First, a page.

Dry neddling is another tool in our box that we as physios employ to provide pain relief from tight muscles. It’s a great way to ease muscle tension and relax the spasm around an inflamed joint. We get asked so many times about the difference between dry needling and acupuncture. So here’s some information that will help you in figuring out if you’d like to give dry needling a try and how beneficial it can be for you!

What is dry needling?

Dry needling is a scientifically supported treatment using very thin, sterile needles to help relieve issues such as pain and dysfunction in muscles, headaches and sinus problems. The needles are so thin you may not even feel them going in! If you do it might feel like a tiny pinch. There are different lengths and thicknesses of the needles depending on the desired effect and area of the body.

Dry needling vs Acupuncture

Acupuncture also uses thin needles placed in certain areas of the body, however this is based on traditional Chinese medicine. There is a heavy focus on the flow of energy or “Chi” which is believed to be present in all living things. According to Chinese Medicine, Chi flows through the body along 12 pathways called meridians. The insertion of needles is believed to redirect chi to relieve stress and pain.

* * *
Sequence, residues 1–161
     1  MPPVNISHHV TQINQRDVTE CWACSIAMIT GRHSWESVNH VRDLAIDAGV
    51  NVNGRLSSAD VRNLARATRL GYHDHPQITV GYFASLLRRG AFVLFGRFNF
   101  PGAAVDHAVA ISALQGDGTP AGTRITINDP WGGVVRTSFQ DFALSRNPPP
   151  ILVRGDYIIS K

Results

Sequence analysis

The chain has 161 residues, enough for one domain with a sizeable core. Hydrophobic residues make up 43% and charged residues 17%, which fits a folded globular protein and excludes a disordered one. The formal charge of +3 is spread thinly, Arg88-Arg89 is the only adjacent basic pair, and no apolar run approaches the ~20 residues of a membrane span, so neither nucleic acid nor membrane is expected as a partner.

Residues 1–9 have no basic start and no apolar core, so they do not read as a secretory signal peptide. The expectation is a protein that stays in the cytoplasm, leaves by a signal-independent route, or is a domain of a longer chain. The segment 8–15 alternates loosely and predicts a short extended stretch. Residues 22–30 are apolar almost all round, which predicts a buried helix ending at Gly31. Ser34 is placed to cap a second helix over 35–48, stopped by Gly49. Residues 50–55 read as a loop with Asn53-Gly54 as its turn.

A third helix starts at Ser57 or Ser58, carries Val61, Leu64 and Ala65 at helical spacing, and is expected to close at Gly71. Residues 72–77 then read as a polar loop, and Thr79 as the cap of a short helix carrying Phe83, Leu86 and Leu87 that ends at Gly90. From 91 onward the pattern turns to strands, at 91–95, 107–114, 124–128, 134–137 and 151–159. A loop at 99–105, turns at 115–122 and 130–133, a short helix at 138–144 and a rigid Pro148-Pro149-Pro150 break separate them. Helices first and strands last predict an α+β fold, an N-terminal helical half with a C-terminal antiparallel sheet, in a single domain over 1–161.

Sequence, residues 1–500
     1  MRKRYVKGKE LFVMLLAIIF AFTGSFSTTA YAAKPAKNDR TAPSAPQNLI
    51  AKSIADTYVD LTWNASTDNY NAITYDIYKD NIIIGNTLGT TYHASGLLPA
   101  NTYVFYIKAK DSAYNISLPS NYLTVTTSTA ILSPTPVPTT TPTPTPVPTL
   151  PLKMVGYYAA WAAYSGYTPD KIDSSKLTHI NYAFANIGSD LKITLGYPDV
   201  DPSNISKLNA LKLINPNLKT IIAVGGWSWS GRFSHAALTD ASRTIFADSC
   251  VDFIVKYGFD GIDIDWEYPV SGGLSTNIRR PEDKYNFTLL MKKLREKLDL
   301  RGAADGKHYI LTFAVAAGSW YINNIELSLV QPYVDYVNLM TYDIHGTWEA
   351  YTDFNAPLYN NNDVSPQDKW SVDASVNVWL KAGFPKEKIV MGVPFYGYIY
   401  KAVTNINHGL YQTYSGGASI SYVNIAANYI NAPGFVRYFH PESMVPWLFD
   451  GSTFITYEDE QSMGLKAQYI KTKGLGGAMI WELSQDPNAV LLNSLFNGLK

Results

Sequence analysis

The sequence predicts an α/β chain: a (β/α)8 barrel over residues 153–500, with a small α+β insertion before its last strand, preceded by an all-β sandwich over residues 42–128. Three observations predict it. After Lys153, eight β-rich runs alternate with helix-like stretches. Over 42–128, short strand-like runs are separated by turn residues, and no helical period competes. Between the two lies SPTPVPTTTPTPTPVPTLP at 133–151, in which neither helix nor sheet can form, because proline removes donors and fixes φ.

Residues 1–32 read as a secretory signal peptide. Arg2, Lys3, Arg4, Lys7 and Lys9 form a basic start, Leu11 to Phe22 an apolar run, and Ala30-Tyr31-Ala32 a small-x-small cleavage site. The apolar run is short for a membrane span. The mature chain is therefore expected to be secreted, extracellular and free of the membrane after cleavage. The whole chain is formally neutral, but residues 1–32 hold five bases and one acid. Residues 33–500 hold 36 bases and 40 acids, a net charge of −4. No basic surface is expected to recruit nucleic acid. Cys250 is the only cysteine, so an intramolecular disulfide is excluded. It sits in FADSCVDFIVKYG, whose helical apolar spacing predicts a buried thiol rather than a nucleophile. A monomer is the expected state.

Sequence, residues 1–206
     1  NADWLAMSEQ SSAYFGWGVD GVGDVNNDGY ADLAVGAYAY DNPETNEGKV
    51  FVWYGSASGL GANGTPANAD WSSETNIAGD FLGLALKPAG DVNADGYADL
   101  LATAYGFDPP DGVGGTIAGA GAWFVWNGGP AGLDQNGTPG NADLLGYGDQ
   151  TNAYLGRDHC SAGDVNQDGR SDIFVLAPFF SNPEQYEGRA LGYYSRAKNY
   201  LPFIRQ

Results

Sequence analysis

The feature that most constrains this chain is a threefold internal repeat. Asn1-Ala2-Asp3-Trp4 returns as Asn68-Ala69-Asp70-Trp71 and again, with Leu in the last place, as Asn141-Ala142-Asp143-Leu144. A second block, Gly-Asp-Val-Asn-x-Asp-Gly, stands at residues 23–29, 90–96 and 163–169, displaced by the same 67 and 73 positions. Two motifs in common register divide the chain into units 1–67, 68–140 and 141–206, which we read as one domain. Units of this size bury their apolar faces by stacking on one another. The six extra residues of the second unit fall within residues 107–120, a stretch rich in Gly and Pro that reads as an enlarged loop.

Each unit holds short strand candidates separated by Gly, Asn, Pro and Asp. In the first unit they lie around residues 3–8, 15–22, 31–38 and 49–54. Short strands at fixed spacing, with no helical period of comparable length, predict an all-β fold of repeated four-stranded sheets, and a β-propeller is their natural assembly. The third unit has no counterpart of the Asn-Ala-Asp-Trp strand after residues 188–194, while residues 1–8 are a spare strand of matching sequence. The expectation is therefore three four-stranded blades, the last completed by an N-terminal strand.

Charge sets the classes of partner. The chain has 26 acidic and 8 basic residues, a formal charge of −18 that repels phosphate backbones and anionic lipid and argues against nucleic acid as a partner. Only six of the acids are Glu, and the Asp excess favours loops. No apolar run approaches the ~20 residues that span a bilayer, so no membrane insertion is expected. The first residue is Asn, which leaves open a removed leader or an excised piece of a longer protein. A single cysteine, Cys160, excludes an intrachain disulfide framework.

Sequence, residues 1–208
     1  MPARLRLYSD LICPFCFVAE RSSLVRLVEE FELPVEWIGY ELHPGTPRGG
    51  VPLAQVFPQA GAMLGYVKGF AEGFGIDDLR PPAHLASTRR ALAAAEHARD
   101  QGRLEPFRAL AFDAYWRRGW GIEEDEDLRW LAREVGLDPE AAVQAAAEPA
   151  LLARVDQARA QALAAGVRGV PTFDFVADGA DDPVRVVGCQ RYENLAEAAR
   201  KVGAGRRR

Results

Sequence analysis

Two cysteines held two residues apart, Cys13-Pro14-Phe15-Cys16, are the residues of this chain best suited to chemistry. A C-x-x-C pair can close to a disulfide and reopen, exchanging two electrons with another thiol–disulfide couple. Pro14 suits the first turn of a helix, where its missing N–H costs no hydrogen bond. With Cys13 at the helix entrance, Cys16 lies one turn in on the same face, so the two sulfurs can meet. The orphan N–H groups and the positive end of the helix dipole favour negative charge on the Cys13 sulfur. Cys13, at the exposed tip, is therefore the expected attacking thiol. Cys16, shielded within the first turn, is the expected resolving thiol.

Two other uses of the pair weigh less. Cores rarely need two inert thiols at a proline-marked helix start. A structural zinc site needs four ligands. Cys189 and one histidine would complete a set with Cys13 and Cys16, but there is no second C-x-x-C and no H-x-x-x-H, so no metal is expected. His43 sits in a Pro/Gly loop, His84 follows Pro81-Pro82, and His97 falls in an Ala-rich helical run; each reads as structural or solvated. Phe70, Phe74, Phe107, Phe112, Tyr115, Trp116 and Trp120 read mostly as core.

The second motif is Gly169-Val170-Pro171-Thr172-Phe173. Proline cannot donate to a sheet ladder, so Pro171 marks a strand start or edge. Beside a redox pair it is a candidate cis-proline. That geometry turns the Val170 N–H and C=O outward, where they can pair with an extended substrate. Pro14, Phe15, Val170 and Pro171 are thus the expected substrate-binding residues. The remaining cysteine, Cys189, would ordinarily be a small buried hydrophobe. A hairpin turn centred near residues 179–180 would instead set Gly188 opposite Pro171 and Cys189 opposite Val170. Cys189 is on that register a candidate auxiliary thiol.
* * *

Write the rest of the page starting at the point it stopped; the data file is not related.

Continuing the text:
Dry needling on the other hand is a western medicine and myotherapy technique. According to Wikipedia, it is also called “myofascial trigger point dry needling”. The stimulation the needles provide to the muscle is effective in reducing over-active muscle activation associated with trigger points.  There are also electrical (nerve) and chemical (hormonal and neurotransmitter) changes that assist in the healing process.

What does it feel like? Are there any side effects?

As mentioned above, most people don’t feel any more than a pinch when the needles are inserted. Once the needles are in the muscle you may feel a deep ache and a twitch. These are normal sensations and are a good indicator that the needles are inserted in an effective area. Any side effects are short lived and should resolve on their own. These include slight bruising and tenderness, as well as some sweating or feeling cold. Fainting can occur in some people.

The most rare and severe side effect is when needles are inserted into the shoulder, neck or chest area. If this is done incorrectly and a lung is punctured it constitutes a medical emergency known as pneumothorax. This is an extremely rare risk when performed by a trained professional.

At Get Better Physiotherapy, we have massage therapists and physiotherapists that are specifically trained in performing dry needling and may recommend this as part of your treatment. If you would like to know more, please ask your therapist, they would be happy to answer any questions and ensure you are comfortable with your treatment. If you would like to make a booking for massage or physiotherapy please call 07 3800 3417 at Browns Plains.